2Graph Learning

Xiaowen DONG1, Dorina THANOU2, Michael RABBAT3, Pascal FROSSARD2 1University of Oxford, UK

2École polytechnique fédérale de Lausanne, Switzerland 3Facebook, Montreal, Canada

2.1. Introduction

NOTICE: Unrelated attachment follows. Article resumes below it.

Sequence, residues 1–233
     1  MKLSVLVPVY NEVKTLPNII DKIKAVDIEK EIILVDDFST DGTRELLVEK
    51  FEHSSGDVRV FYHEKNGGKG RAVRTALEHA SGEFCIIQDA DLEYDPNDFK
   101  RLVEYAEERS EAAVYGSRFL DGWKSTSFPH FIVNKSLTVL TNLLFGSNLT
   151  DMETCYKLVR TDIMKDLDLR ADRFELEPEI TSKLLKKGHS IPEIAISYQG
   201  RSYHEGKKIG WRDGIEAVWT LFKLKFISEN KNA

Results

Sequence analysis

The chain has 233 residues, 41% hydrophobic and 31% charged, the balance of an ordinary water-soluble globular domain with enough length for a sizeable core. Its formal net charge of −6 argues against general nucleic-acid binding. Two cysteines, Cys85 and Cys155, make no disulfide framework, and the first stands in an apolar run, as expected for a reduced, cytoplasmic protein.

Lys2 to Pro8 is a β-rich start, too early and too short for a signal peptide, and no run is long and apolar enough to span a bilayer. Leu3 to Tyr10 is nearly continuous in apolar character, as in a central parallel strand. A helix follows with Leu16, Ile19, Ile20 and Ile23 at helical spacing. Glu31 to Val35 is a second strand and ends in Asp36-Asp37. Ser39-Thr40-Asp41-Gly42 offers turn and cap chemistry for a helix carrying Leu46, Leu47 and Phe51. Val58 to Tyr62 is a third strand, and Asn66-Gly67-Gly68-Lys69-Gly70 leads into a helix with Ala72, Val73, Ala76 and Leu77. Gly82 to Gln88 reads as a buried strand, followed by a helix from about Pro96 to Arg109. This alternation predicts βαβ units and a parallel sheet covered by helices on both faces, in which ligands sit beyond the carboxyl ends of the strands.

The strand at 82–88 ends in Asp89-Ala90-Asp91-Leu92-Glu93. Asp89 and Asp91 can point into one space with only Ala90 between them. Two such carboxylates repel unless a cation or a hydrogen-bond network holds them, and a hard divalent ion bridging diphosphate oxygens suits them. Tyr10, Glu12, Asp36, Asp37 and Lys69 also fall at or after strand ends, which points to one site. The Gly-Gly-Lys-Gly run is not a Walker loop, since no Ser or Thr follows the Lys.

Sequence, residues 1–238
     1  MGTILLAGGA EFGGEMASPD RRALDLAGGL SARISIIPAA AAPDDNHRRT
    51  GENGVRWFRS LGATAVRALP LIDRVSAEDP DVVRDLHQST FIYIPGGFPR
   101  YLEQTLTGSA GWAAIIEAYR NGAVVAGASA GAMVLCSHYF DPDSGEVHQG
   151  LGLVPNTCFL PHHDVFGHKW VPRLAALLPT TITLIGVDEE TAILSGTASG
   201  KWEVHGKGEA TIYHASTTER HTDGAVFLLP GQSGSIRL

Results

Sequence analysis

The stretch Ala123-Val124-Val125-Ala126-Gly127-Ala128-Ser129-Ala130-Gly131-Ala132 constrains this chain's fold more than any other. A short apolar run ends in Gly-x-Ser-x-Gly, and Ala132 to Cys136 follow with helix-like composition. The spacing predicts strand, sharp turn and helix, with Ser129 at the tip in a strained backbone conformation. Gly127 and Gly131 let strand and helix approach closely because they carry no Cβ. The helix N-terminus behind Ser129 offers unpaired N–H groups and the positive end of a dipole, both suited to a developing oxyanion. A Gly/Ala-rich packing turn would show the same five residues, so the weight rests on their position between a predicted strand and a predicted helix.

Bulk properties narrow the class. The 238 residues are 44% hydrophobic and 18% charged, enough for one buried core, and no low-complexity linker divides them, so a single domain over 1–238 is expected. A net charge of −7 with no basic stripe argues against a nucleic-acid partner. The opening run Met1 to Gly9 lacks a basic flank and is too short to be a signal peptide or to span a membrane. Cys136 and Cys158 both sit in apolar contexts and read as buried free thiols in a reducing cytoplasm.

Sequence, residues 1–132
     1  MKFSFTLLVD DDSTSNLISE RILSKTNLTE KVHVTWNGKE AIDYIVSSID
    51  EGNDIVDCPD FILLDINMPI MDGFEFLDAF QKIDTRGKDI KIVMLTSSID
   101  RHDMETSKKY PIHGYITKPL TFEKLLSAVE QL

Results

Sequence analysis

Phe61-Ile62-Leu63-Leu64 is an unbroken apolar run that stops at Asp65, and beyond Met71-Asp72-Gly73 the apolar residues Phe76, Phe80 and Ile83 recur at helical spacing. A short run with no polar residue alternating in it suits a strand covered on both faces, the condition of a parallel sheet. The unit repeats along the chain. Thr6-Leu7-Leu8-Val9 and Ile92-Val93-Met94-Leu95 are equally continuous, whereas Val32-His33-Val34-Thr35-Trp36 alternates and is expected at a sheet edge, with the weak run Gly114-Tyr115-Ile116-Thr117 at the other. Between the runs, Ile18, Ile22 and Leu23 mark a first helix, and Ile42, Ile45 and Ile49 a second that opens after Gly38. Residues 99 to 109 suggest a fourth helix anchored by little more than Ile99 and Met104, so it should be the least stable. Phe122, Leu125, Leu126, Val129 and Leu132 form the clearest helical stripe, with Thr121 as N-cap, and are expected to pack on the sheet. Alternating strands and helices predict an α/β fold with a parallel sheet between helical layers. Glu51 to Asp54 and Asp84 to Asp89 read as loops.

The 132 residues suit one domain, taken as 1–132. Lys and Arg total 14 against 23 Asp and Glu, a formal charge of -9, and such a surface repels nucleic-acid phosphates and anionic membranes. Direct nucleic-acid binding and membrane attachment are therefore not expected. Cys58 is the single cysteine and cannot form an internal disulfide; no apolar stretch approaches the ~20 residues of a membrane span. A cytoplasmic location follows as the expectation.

Modern data analysis and processing tasks typically involve large sets of structured data, where the structure carries critical information about the nature of the data. Numerous examples of such data sets can be found in a wide diversity of application domains, including transportation networks, social networks, computer networks and brain networks. An image, which consists of a regular array of pixels, is also a special form of structured data. Typically, graphs are used as mathematical tools to describe the underlying data structure, as they provide a flexible way of representing relationships between data entities. Numerous signal processing and machine learning algorithms have been introduced in the past decade for analyzing structured data on a priori known graphs (Zhu 2005; Fortunato 2010). However, there are often settings where the graph is not readily available, and the structure of the data has to be estimated in order to permit effective representation, processing, analysis or visualization of graph data. Furthermore, the pairwise relationships between data entities encoded in the format of graphs are often the goal of analysis. In both cases, a crucial task is to infer a graph topology that describes the characteristics of the data observations, hence capturing ...

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